5. Ferguson JJ 3 rd, Cohen M, Freedman R, et al. The current pactice of intra-aortic balloon counterpulsation: results from the Benchmark Registry. J Am Coll Cardiol 2001; 38: 1456-62.
6. Jiang CY, Zhao LL, Wang JA, Mohammod B. Anticoagulation therapy in intra-aortic balloon counterpulsation: does IABP really need anticoagulation? J Zhejiang Univ Sci 2003; 4: 607-11.
7. Erdogan HB, Goksedef D, Erentung V, et al. In which patients sould sheathless IABP be used? An analysis of vascular complications in 1211 cases. J Card Surg 2006; 21: 342-6.
8. Freed PS, Wasfie T, Zado B, Kantrowitz A. Intraaortic balloon pumping for prolonged circulatory support. Am J Cardiol 1988; 61: 554-7.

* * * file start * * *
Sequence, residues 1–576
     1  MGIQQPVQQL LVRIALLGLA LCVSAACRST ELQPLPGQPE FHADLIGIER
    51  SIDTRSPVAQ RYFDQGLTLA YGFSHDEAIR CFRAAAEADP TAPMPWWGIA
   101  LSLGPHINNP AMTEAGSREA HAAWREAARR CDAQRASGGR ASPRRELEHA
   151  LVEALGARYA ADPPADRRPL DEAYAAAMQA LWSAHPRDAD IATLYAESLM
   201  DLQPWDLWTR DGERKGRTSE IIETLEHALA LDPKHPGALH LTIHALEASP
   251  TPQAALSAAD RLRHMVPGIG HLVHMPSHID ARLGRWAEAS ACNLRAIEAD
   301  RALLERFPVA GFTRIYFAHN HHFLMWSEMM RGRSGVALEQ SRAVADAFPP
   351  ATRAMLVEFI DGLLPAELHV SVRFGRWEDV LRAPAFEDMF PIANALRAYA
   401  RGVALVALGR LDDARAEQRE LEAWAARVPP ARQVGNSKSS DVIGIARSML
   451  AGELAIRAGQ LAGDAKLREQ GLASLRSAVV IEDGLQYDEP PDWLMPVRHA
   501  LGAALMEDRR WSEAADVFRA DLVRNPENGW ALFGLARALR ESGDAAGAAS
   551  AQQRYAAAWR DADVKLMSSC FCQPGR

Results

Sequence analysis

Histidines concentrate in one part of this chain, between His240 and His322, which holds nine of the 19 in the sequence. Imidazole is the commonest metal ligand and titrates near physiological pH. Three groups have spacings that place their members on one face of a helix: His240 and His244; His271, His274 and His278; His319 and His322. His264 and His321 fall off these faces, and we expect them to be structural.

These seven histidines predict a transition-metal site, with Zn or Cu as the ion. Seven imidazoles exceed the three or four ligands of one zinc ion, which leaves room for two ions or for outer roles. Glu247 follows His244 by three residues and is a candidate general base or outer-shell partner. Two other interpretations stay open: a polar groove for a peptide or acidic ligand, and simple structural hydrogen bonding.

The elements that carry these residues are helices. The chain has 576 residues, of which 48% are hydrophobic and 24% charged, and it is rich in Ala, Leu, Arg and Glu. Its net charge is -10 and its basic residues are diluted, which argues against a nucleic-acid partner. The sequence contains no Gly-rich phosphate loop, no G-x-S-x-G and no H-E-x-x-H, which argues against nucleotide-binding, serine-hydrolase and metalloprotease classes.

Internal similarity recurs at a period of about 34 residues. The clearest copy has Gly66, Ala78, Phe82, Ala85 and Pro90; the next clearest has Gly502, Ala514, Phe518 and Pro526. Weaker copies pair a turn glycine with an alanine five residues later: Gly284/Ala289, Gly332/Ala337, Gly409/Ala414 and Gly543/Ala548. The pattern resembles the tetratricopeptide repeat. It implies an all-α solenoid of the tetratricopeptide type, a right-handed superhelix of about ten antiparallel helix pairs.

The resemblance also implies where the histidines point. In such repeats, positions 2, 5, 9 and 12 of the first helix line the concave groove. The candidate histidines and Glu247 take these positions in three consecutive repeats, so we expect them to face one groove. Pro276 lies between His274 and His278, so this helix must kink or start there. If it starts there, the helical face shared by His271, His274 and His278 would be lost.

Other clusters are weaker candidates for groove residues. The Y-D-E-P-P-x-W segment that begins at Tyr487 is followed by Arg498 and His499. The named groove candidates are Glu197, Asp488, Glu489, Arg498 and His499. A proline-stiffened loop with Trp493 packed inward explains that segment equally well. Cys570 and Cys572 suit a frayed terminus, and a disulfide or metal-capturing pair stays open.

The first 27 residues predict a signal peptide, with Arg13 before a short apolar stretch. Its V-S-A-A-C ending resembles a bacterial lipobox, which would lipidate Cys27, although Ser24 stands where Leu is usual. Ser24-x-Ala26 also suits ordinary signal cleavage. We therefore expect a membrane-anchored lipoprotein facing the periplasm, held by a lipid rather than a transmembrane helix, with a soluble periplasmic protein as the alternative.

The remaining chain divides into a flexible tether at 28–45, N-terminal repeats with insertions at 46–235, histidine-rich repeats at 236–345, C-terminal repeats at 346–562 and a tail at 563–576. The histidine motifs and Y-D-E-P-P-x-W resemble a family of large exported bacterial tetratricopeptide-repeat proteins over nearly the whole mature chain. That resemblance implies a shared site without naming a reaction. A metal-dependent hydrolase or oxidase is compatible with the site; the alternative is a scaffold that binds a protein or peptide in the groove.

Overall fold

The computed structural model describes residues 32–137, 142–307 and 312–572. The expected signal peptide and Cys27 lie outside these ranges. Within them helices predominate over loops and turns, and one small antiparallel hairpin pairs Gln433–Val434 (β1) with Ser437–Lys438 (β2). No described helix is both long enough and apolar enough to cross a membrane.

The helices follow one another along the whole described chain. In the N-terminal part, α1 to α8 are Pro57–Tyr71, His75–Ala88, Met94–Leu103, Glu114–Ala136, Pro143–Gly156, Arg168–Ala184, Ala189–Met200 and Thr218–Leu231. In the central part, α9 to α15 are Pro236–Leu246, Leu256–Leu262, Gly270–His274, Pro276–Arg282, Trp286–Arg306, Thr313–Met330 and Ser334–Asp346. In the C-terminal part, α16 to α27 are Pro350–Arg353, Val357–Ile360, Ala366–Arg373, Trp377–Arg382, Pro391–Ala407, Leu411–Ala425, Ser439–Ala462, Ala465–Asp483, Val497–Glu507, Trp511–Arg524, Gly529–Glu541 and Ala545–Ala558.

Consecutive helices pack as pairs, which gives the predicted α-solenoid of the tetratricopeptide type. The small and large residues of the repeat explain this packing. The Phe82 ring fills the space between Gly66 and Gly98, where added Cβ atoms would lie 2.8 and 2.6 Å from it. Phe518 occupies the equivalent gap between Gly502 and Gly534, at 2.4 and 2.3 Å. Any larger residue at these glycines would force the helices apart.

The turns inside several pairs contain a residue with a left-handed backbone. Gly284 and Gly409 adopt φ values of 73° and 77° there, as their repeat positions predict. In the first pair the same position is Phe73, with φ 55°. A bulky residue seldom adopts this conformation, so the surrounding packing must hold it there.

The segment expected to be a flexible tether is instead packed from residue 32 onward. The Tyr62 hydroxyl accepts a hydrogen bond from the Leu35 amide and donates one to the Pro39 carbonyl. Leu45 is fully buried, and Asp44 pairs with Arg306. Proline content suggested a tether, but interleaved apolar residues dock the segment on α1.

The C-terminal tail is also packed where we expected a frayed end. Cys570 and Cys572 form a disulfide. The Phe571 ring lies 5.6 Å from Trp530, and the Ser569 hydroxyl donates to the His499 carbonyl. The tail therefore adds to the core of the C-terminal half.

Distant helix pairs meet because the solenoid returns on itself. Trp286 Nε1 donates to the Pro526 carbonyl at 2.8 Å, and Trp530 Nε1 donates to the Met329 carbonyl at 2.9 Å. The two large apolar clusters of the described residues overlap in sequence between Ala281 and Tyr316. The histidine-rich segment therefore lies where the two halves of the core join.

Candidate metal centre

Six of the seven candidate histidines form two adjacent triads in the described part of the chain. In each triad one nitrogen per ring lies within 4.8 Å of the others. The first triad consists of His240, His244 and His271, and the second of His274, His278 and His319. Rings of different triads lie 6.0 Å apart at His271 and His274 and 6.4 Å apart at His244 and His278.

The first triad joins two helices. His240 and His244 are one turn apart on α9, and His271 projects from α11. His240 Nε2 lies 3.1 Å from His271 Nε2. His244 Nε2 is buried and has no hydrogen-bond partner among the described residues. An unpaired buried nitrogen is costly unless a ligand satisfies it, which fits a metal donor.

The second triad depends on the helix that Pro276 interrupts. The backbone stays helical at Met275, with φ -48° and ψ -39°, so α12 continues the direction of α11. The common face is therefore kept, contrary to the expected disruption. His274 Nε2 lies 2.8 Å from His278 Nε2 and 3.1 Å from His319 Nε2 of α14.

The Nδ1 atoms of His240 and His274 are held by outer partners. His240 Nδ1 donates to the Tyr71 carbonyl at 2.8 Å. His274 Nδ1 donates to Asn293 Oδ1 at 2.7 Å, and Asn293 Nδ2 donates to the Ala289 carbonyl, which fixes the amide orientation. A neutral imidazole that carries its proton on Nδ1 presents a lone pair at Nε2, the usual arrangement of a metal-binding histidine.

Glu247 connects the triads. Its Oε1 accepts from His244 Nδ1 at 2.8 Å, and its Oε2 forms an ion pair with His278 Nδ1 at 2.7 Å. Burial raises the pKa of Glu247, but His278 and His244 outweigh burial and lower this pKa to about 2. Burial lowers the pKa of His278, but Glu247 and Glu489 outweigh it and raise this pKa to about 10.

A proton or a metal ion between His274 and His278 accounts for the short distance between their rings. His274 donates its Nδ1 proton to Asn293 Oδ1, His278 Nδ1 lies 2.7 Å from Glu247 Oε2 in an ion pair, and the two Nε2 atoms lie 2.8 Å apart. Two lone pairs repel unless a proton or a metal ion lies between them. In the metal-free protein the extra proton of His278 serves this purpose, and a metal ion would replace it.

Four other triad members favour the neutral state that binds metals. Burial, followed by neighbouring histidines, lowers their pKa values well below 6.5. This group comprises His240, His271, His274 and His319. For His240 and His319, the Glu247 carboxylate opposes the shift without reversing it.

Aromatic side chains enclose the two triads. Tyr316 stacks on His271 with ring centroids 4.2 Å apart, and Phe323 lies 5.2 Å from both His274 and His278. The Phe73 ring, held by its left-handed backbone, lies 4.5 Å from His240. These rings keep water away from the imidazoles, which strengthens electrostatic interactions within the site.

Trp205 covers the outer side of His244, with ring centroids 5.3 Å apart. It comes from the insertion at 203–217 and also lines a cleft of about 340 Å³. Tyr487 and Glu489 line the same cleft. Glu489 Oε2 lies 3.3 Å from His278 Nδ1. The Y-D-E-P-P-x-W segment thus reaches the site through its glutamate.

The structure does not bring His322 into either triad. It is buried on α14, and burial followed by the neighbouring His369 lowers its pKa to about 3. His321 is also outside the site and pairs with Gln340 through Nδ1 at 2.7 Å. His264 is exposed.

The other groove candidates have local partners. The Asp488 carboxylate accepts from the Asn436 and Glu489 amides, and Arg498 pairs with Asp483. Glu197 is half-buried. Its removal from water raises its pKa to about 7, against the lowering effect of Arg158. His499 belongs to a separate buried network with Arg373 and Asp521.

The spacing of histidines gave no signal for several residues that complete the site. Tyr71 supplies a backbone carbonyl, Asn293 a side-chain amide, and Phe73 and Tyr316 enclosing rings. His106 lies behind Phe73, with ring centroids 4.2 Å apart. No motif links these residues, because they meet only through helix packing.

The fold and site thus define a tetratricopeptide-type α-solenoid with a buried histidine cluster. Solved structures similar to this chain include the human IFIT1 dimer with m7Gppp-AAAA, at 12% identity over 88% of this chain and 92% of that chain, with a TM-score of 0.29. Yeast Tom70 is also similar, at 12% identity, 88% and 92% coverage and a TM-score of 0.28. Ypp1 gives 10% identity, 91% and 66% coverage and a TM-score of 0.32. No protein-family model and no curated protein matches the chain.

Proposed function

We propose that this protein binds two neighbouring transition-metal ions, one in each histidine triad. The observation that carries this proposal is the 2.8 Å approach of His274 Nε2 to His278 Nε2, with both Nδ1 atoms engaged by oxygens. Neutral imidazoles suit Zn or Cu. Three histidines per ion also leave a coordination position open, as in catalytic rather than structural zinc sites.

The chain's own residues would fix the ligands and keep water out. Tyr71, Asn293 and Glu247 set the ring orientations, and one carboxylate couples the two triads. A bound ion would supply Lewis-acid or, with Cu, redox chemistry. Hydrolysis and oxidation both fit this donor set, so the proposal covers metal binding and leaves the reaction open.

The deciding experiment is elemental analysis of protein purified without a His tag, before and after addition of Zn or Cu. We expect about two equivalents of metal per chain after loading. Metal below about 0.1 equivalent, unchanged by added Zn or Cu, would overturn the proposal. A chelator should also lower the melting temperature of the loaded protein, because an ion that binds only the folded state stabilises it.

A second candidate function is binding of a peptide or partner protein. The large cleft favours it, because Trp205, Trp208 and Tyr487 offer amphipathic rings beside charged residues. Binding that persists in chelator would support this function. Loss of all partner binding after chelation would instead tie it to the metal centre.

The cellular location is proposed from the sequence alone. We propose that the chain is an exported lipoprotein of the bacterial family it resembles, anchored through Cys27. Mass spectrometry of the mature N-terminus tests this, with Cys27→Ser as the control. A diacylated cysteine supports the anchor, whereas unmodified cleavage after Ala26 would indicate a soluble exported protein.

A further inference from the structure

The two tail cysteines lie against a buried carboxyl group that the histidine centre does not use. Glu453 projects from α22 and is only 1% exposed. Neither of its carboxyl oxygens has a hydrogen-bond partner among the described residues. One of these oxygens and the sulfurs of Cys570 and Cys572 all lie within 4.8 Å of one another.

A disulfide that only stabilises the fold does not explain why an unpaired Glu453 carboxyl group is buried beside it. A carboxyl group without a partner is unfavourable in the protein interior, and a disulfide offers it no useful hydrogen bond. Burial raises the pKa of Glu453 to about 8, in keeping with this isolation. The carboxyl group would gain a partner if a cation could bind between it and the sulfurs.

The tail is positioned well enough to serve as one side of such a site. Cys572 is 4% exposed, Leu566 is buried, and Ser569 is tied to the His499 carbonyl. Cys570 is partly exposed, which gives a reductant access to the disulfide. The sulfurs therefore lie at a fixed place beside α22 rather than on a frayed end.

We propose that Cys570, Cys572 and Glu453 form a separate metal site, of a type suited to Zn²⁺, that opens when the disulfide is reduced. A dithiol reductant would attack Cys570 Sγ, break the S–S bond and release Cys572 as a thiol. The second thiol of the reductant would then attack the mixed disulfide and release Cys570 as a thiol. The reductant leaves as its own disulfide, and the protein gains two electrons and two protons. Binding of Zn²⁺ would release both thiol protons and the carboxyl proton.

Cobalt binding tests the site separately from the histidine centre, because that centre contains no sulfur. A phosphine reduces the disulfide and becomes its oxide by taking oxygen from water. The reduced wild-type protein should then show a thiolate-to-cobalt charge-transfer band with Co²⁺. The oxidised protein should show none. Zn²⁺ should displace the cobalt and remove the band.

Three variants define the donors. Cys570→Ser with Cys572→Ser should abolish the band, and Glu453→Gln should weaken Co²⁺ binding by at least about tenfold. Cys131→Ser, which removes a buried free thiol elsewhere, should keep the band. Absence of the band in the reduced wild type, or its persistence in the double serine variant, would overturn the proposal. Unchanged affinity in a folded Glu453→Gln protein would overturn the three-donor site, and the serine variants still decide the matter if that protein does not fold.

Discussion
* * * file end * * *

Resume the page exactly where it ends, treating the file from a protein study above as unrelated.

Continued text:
9. Manord JD, Gerrard CL, Mehr MR, et al. Implications for the vascular surgeon with prolonged (3 to 89 days) intraaortic balloon pump counterpulsation. J Vasc Surg 1997; 26: 511-5.
Copyright: © 2009 Termedia & Banach. This is an Open Access article distributed under the terms of the Creative Commons Attribution-NonCommercial-ShareAlike 4.0 International (CC BY-NC-SA 4.0) License (http://creativecommons.org/licenses/by-nc-sa/4.0/), allowing third parties to copy and redistribute the material in any medium or format and to remix, transform, and build upon the material, provided the original work is properly cited and states its license.